The Copper Family are a family of singers of traditional, unaccompanied English folk song. Originally from Rottingdean, near Brighton, Sussex, England, the nucleus of the family now live in the neighbouring village of Peacehaven.
The Copper Family have a tradition of the unaccompanied singing of traditional local songs that has been passed down through several generations. In 1898, they came to the attention of Kate Lee (d.1904), one of the founders of the Folk Song Society (later the English Folk Dance and Song Society). In his notes accompanying their archive CD Come Write Me Down, Vic Gammon notes that both the collecting of songs and their unaccompanied singing were less common than is often imagined at this time and that Lee, a singer herself, knew she had found something special when she encountered the Coppers.
James 'Brasser' Copper (1845-1924) and his brother Thomas (c.1847-c.1936) were made honorary members of the society, and 'Brasser' was prevailed upon to write down the songs that he knew. 'Brasser' had two sons, John (c.1879-1952) and Jim (1882-1954). In 1936, Jim wrote a further volume of songs. Jim had two children - Joyce (1910-?) and Bob (1915-2004).
In 1950, Jim and Bob were invited to sing on an episode of the BBC Radio programme Country Magazine and, over the next few years, the BBC would record them further, even producing a feature The Life Of James Copper, broadcast in September 1951.
John's son was Walter Ronald, known as Ron (c.1913-1979). Together, Jim, John, Ron and Bob sang at the Royal Albert Hall and wider public attention followed the broadcast of a six-part television series Song Hunter, presented by Alan Lomax and featuring Jim, Bob and Ron. Bob wrote several books about the family and its songs, beginning with the widely acclaimed A Song For Every Season in 1971. The accompanying 4LP set (now a collector's item) found Bob and Ron singing alongside Bob’s daughter Jill and son John, bringing a further generation into the family tradition. The death of Ron was followed by the introduction of Jill’s husband Jon into the core line-up, and some of Bob's grandchildren began to appear with the group. The six grandchildren (Jill's children Mark, Andy and Sean Barratt, and John's children Ben, Lucy and Tom Copper) now also appear independently as The Young Coppers, singing the same family repertoire.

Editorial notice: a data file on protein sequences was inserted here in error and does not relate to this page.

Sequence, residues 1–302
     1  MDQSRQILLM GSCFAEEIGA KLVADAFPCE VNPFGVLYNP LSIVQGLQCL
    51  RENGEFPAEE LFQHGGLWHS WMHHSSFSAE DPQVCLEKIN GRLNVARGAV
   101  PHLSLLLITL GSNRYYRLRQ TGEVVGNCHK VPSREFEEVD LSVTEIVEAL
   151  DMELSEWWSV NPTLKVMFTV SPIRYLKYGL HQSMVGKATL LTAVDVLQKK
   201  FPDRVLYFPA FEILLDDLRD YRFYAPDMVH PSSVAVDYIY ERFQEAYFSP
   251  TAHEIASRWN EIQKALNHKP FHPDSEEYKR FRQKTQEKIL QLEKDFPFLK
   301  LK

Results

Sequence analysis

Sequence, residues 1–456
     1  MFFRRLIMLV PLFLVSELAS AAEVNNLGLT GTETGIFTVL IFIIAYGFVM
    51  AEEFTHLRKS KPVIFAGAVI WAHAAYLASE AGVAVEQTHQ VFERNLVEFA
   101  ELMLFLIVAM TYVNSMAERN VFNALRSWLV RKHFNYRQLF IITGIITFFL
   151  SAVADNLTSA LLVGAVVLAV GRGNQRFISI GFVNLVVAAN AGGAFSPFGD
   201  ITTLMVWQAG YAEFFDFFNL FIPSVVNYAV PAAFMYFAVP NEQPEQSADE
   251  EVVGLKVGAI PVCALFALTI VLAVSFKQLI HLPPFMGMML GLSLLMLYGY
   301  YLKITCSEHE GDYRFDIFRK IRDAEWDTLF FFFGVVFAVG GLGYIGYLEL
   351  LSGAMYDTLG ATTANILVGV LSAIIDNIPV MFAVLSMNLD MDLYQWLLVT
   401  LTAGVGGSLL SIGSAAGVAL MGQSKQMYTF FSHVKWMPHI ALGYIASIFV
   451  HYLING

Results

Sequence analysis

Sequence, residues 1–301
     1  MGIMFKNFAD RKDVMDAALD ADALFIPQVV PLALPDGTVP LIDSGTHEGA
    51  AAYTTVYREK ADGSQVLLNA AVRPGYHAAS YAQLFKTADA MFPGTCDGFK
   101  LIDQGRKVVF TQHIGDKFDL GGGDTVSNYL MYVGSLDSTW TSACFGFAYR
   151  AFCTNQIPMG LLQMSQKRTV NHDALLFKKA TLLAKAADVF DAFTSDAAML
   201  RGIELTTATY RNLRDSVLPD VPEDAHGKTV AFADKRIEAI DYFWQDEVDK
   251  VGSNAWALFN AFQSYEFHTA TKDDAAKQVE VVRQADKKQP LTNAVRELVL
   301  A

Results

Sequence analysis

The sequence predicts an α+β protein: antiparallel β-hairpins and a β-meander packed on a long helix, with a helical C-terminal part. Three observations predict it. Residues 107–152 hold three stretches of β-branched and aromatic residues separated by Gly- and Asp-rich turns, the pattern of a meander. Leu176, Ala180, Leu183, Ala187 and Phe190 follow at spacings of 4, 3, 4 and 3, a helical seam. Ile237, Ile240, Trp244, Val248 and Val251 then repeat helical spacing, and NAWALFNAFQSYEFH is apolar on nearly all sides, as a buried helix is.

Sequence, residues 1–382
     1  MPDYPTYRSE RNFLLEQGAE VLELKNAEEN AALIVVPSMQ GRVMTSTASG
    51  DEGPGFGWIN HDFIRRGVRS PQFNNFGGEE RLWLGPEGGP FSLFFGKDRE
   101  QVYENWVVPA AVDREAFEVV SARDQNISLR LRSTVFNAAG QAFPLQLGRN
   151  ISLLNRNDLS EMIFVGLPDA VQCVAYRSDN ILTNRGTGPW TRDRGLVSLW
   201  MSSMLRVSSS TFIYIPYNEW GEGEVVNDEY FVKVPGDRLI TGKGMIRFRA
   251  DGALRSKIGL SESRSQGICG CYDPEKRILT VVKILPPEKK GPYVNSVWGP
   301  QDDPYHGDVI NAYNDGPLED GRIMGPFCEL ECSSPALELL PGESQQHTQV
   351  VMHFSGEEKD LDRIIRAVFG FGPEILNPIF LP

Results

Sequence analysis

Various recordings of the family's singing have been made since the 1950s and some are still available, notably the aforementioned Come Write Me Down, which comes with two booklets full of biographical detail. Bob Copper died in 2004, a few days after receiving an MBE. The present generations of the family continue to sing unaccompanied traditional songs and, in 2004 (repeated in 2006), BBC Four broadcast an hour-long programme about the family, filmed during the last months of Bob's life. They are involved in The Imagined Village project.
- Traditional Songs From Rottingdean (English Folk Dance & Song Society LP, 1963)
- A Song For Every Season (Leader 4LP box set, 1971)
- A Song For Every Season (Leader LP, selections from the box set, 1971)
- The Banks of Claudy (Folktrax LP, 1975)
- Twankydillo (Folktrax cassette, 1975)
- Sweet Rose In June (Topic LP, 1977)
- Come All You Bold Britons (Folktrax cassette, 1983)
- Adam and Eve (Folktrax cassette, 1983)
- Coppersongs: A Living Tradition (English Folk Dance & Song Society LP, 1987)
- Coppersongs 2 (CD, 1995)
- Coppersongs 3: The Legacy Continues (CD, 1998?)
- Come Write Me Down (Topic CD, 2001)
- "Bob Copper - for the Sheer Joy of Singing" [radio interview transcript]. 2008. In Talking to Kinky and Karlheinz - 170 musicians get vocal on The Music Show ed. Anni Heino, 171-185. Sydney: ABC Books. ISBN 978-0-7333-2008-8.